Types of pancreatic cancer:

There are two major categories of pancreatic cancer. These are

  • Cancers of the endocrine pancreas that is the part that makes insulin and other hormones are called islet cell or pancreatic neuroendocrine tumors or PNETs . Islet cell cancers are rare and typically grow slowly compared to exocrine pancreatic cancers. Islet cell tumors often release hormones into the bloodstream and are further characterized by the hormones they produce such as insulin, glucagon, gastrin, and other hormones.
  • Cancers of the exocrine pancreas that is the part that makes enzymes. Cancers of the exocrine pancreas develop from the cells that line the system of ducts that deliver enzymes to the small intestine and are commonly referred to as pancreatic adenocarcinomas. All most all pancreatic cancer begins in these cells.

Squamous cell pancreatic cancer is rare. Pancreatic adenocarcinomas are further classified as four subtypes after analysis of the genes. The subtypes include:

  • Squamous: These tumors occurs after TP53 and KDMA gene mutations.
  • Pancreatic progenitor: These tumors express genes involved in pancreatic development such as FOXA2/3, PDX1, and MNX1.
  • Aberrantly differentiated endocrine exocrine (ADEX): These tumors display the genes (KRAS) and exocrine (NR5A2 and RBPJL) plus endocrine (NEUROD1 and NKX2-2) differentiation.
  • Immunogenic: These tumors contain pathways that are involved in acquired immune suppression.

These new findings may help treating patient more specifically depending on their subtype and, hopefully, more effectively. For example, the immunogenic subtype could possibly respond to therapy where the immune system is designed to attack these types of cancer cells.
Pancreatic cancer should not be confused with pancreatitis which is just an inflammation of the pancreas and is mainly caused by alcohol abuse and /or gallstone formation. However, chronic pancreatitis is associated with pancreatic cancer.

Risk factors of Pancreatic cancer:

Most people who develop pancreatic cancer usually do not have any risk factors. However, the biggest risk factor is increasing age. Being over the age of 60 puts an individual at greater risk. There can be familial or hereditary genetic syndromes arising from genetic mutations which is very rare. If BRCA-2 and, to a lesser extent, BRCA-1 gene mutations run in families that can put an individuals at higher risk.
Additionally, certain behaviors or conditions are thought to slightly increase the risk of an individual for developing pancreatic cancer. These include:

  • Chronic inflammation of the pancreas called pancreatitis
  • Diabetes
  • Smoking
  • Obesity
  • fatty diet
  • sedentary lifestyle

Prior stomach surgery or certain chronic infections such as hepatitis B and H. pylori may moderately increases the risk of an individual. Certain drugs such as sitagliptin and metformin are associated with the development of pancreatic cancer. Some types of pancreatic cysts may put individuals at risk of developing pancreatic cancer.

Complications of Pancreatic cancer:

Complications of Pancreatic cancer include:

Weight loss:

A number of factors may cause weight loss in people with pancreatic cancer. These include:

  • The cancer itself may cause weight loss.
  • Nausea and vomiting caused by cancer treatments or a tumor pressing on your stomach may make it difficult to eat.
  • As your pancreas isn't producing enough digestive juices or enzymes, your body may have difficulty processing nutrients from food.

To improve your digestion, pancreatic enzyme supplements may be recommended. Try to maintain your weight by adding extra calories and making mealtime as pleasant and relaxed as possible.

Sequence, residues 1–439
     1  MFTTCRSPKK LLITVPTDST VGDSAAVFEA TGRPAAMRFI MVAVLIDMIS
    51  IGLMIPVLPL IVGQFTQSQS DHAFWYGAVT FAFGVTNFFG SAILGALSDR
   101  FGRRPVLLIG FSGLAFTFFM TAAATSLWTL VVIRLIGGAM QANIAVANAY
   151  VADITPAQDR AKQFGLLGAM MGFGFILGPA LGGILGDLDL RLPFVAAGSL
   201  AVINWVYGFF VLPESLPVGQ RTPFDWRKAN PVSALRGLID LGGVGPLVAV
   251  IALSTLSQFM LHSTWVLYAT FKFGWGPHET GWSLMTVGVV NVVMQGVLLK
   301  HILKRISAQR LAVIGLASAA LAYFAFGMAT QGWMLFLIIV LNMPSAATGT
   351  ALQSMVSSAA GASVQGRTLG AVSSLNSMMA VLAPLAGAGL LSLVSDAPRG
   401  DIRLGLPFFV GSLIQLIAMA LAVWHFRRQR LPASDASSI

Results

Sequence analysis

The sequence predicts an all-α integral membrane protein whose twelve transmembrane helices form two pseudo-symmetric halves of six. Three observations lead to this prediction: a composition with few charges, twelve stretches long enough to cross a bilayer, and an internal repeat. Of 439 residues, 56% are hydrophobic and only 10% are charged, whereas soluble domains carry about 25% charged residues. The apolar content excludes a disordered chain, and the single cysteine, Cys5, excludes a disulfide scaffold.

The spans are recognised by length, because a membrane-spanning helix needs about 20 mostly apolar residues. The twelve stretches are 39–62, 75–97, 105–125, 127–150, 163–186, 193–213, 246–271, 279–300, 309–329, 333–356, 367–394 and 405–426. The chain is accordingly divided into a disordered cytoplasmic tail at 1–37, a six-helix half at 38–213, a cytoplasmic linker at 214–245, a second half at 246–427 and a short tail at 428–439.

Pancreatic cancer that blocks the bile duct of liver can cause jaundice. Signs and symptoms include yellow skin and eyes, dark colored urine, and pale colored stools. Jaundice usually occurs without abdominal pain. A plastic or metal tube called stent can be placed inside the bile duct to hold it open. This is done with the help of a procedure called endoscopic retrograde cholangiopancreatography (ERCP). During ERCP an endoscope is passed down your throat, through your stomach and into the upper part of your small intestine. A dye is then injected into the pancreas and bile ducts through a small hollow tube called catheter that is passed through the endoscope. Finally, images are taken of the ducts and stent can be placed inside the bile duct.


A growing tumor may press on nerves in your abdomen, causing pain that can become severe. Pain medications can help you feel more comfortable in this case.
Radiation therapy might help stop tumor growth temporarily to give you some relief.
In severe cases, alcohol can be injected into the nerves that control pain in your abdomen. This procedure stops the nerves from sending pain signals to your brain.
Bowel obstruction:
If the pancreatic cancer grows into or presses on the first part of the small intestine called duodenum, that can block the flow of digested food from your stomach into your intestines. In this case a tube or stent can be placed in your small intestine to hold it open. Surgery may be necessary to attach your stomach to a lower point in your intestines that isn't blocked by cancer.

Prevention of Pancreatic cancer:

Pancreatic cancer can be prevented if you:

Stop smoking:

Quit smoking if you smoke. Talk to your doctor about strategies to help you stop. He will be able to advise you regarding support groups, medications and nicotine replacement therapy. Don't start smoking if you don't.

Maintain a healthy weight:

Try to maintain a healthy weight. Aim for a slow and steady weight loss if you need to lose weight. Regular exercise with a diet rich in vegetables, fruit and whole grains with smaller portions to help you lose weight.

Choose a healthy diet:

A diet full of colorful fruits and vegetables and whole grains may help reduce your risk of cancer. If you have a family history of pancreatic cancer, take advise from a genetic counselor. He or she can review your family health history with you and determine whether you might benefit from a genetic test to understand your risk of pancreatic cancer or other cancers.